¶56] O Domhnaill set off after that, and he did not halt until he came to Turlach Mochain. This is a castle in Bermingham's country. He proceeded to besiege that castle. His people set about pulling down the wall, and they did not cease their efforts until they took the castle by force, and they took in hostageship the successor to the chief of the district, Richard, son of Mac Feorais, and some of the leading men of the district with him and seized the best part of the wealth and treasures of the castle. They scattered their marauders over Conmaicne, Muinter Murchadha, over the border of Machaire Riabhach, and about Tuam, until they plundered the territory on every side of them of its herds and flocks. They returned with much booty. The Governor of the province, Sir Richard Bingham, happened to be in the neighbourhood of O Domhnaill's army at that time. He was the greatest monster of all the English that were then in Ireland. He had fifteen hundred men with arms and armour, between infantry and cavalry with him. When he heard that O Domhnaill had gone past him westward into Connacht with his troops and everything he had done on every road he had gone, he was on the watch to oppose him on his return, and he lay in wait in the short cuts of every road he thought O Domhnaill might come towards him.


When O Domhnaill learned that, he avoided the English as well as he could, for he was sure that the deepest concern of the army was for their herds and prey, their goods and cattle; and his expectation and reliance on his troops to sustain the fight and to hold the field of battle was greater before they got possession of their enemies' valuables when they were care-free without anxiety about them at all. Besides there were more of the English than of his men, and even if they were not more numerous, it was difficult at that time to oppose the English on account of the superiority of their arms and the outlandishness of their armour and the strangeness of their weapons, until the Irish soon after attained a knowledge of their arms. As for O Domhnaill, he came with his army and spoils after the noon of the third day to the upper part of Sliav Gamh. However, the English were marching along the road towards him as fast as they could northwards from Ballymote. O Domhnaill detached a squadron of cavalry against them to combat with them and to impede them, so that they might not get a chance of attacking the servants or the unarmed or the defenceless portion of his force. O Domhnaill went without being attacked across the three bridges, the bridge of Collooney, the bridge of Ballysadare, and the bridge of Sligo, until he came with his army and plunder to the neighbourhood of Glen Dallain.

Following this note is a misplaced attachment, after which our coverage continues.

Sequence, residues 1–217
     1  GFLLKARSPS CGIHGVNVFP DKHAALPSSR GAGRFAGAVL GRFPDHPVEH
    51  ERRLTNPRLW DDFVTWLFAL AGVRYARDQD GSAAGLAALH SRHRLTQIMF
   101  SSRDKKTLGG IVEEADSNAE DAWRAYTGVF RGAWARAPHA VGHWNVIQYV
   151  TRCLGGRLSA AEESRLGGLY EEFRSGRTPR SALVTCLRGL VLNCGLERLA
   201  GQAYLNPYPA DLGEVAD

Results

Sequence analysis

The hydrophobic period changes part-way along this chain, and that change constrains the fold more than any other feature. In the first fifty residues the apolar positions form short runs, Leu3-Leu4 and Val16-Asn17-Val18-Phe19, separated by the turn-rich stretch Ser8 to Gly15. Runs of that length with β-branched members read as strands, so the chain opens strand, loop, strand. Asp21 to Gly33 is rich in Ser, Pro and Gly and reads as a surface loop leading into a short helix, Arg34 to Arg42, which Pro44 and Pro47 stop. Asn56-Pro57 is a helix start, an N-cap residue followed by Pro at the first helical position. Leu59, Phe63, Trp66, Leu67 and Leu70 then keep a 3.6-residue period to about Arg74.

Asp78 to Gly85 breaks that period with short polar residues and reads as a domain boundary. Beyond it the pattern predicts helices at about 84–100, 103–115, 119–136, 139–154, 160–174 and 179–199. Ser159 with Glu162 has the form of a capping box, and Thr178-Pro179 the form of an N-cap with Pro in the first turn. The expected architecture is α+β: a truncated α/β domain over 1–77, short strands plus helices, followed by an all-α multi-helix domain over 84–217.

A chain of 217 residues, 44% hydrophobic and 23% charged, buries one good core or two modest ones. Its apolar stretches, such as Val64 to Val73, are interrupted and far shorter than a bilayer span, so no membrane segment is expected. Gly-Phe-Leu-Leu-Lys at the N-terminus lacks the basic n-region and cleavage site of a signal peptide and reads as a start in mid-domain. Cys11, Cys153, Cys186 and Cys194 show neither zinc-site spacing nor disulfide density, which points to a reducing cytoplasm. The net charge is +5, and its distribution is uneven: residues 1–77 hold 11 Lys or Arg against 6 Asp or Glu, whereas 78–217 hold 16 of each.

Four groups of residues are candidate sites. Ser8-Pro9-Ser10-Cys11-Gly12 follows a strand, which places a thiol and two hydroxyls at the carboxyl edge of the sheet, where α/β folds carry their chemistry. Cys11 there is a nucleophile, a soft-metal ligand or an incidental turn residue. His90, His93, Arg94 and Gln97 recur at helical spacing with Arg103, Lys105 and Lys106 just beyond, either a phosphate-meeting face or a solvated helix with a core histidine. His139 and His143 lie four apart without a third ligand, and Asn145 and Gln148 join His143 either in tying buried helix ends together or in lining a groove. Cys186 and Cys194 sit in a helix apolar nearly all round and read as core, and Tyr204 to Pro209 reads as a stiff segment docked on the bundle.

¶57] As for the Governor Sir Richard Bingham, as he did not make contact with O Domhnaill's army, he went in pursuit of it to Sligo. He made his encampment in the monastery, as it was the custom of the English to remain in the holy churches, and he was considering how he might take the castle from O Domhnaill's people. However, O Domhnaill on the morning of the following day sent a small party on fine fleet horses to bring intelligence about the English and to get news of the castle and of the soldiers that he had left in the castle. When they came to the bank of the river they saw the English here and there through the town. There was a vainglorious, obstinate youth with Richard Bingham at that time,


his sister's son, whose name was Captain Martin. He was the commander of a troop with the Governor. He was a leader in battle and conflict with the English of the province of Connacht. He was crying out and blustering against Aodh Maguidhir continually and against every one of the Irish whose name, fame, or repute for skill, especially in the matter of skill in horsemanship, he had heard of. He could not endure seeing his enemies on the other side of the river and not attacking them. He took horse, and his troop too took horse. When O Domhnaill's people saw them coming they went away as fast as they could. These went after them and they did not overtake them. They turned back. O Domhnaill's people told the fact to the army how they had been pursued angrily and haughtily, and that it was owing to the speed of their galloping they escaped. When O Domhnaill heard the story he set to reflect and forecast how he might attack the English and give them a lesson. This is what he resolved on in the end. A hundred horsemen were chosen by him, the best in his army, with three hundred infantry of the same kind, with their implements for shooting, that is, elastic bows and well-filled quivers of arrows, for only a few of them had any other implements of shooting then. They went off until they came to the spot where it was safe for them to place the ambuscade, more than a mile from Sligo. Thereupon O Domhnaill sent on some of his horsemen towards the English to entice them to where he was if they could, and he commanded them not to fight with the English, and told them not to feel ashamed to flee, but to keep drawing them on little by little one after the other till they brought them without their perceiving it to the place where the ambuscade was arranged for them. The soldiers went away as was commanded them, and they did just as O Domhnaill asked them to do. They had no sooner come to the bank of the river when Captain Martin jumped on his horse on seeing them (as quick as a hound would go in pursuit of its appointed game), and a large body of the cavalry of the English mounted